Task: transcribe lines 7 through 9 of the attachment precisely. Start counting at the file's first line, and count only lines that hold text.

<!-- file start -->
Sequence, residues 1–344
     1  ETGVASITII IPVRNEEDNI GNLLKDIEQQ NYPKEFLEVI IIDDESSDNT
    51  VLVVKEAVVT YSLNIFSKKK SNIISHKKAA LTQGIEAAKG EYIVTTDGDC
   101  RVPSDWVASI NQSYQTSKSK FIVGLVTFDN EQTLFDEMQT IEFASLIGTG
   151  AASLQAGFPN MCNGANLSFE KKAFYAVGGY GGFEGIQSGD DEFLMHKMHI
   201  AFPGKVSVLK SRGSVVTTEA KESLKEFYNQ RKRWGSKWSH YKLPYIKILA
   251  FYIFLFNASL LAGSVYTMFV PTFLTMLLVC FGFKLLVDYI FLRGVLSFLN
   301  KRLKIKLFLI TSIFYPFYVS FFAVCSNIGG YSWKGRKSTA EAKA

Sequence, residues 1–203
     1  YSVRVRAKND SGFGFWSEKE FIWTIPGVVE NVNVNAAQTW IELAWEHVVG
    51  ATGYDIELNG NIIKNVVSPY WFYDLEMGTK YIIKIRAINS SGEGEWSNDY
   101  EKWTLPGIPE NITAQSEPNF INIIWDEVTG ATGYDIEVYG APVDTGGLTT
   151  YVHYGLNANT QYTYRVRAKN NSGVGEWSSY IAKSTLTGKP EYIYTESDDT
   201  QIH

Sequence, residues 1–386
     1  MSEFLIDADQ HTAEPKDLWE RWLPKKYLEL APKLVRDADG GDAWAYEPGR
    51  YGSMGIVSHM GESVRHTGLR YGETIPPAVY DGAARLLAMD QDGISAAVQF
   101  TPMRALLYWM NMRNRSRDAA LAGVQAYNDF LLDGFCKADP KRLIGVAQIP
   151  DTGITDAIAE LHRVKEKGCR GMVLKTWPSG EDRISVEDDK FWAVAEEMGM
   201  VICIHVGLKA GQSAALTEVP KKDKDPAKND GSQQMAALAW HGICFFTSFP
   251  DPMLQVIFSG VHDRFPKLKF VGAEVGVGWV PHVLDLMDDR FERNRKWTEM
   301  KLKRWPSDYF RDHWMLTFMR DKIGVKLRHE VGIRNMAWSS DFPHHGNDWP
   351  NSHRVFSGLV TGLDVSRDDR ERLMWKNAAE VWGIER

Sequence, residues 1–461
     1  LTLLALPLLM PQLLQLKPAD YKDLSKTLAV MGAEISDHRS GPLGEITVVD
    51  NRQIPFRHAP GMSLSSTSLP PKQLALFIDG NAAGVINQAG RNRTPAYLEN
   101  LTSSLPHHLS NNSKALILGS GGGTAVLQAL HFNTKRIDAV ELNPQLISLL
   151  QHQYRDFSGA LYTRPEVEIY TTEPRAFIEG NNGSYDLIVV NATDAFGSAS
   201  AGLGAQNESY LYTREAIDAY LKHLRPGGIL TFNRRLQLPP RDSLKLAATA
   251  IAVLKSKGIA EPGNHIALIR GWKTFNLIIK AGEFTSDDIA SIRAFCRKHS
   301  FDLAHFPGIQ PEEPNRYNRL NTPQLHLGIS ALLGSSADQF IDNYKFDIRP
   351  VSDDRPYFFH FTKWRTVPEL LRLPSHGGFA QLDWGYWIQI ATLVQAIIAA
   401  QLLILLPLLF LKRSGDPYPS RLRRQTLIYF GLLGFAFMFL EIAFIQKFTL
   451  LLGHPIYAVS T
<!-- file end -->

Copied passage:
   251  FYIFLFNASL LAGSVYTMFV PTFLTMLLVC FGFKLLVDYI FLRGVLSFLN
   301  KRLKIKLFLI TSIFYPFYVS FFAVCSNIGG YSWKGRKSTA EAKA

Sequence, residues 1–203